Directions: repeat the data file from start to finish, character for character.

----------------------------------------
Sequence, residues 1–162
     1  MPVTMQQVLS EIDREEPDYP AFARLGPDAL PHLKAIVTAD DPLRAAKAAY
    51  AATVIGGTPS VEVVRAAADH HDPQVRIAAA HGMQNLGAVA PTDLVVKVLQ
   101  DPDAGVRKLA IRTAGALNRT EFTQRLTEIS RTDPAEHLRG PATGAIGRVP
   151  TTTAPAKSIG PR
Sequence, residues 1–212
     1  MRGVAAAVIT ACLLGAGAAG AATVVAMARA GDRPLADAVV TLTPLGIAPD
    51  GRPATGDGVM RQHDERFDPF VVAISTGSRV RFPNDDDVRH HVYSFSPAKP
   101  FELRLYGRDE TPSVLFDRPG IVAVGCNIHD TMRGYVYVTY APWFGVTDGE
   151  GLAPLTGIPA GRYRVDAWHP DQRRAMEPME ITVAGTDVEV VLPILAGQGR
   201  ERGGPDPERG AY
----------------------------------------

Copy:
Sequence, residues 1–162
     1  MPVTMQQVLS EIDREEPDYP AFARLGPDAL PHLKAIVTAD DPLRAAKAAY
    51  AATVIGGTPS VEVVRAAADH HDPQVRIAAA HGMQNLGAVA PTDLVVKVLQ
   101  DPDAGVRKLA IRTAGALNRT EFTQRLTEIS RTDPAEHLRG PATGAIGRVP
   151  TTTAPAKSIG PR
Sequence, residues 1–212
     1  MRGVAAAVIT ACLLGAGAAG AATVVAMARA GDRPLADAVV TLTPLGIAPD
    51  GRPATGDGVM RQHDERFDPF VVAISTGSRV RFPNDDDVRH HVYSFSPAKP
   101  FELRLYGRDE TPSVLFDRPG IVAVGCNIHD TMRGYVYVTY APWFGVTDGE
   151  GLAPLTGIPA GRYRVDAWHP DQRRAMEPME ITVAGTDVEV VLPILAGQGR
   201  ERGGPDPERG AY